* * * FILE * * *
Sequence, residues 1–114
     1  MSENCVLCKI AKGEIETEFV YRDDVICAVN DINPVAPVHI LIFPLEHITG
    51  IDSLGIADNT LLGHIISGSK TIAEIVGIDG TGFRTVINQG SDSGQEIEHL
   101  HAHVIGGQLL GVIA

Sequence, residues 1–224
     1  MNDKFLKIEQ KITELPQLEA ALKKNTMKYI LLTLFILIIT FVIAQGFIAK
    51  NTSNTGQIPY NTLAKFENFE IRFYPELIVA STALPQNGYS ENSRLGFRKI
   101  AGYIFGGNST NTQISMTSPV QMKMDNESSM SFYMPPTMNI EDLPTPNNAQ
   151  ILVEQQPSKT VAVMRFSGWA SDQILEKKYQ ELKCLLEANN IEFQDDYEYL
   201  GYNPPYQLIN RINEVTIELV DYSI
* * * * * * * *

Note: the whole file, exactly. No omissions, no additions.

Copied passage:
Sequence, residues 1–114
     1  MSENCVLCKI AKGEIETEFV YRDDVICAVN DINPVAPVHI LIFPLEHITG
    51  IDSLGIADNT LLGHIISGSK TIAEIVGIDG TGFRTVINQG SDSGQEIEHL
   101  HAHVIGGQLL GVIA

Sequence, residues 1–224
     1  MNDKFLKIEQ KITELPQLEA ALKKNTMKYI LLTLFILIIT FVIAQGFIAK
    51  NTSNTGQIPY NTLAKFENFE IRFYPELIVA STALPQNGYS ENSRLGFRKI
   101  AGYIFGGNST NTQISMTSPV QMKMDNESSM SFYMPPTMNI EDLPTPNNAQ
   151  ILVEQQPSKT VAVMRFSGWA SDQILEKKYQ ELKCLLEANN IEFQDDYEYL
   201  GYNPPYQLIN RINEVTIELV DYSI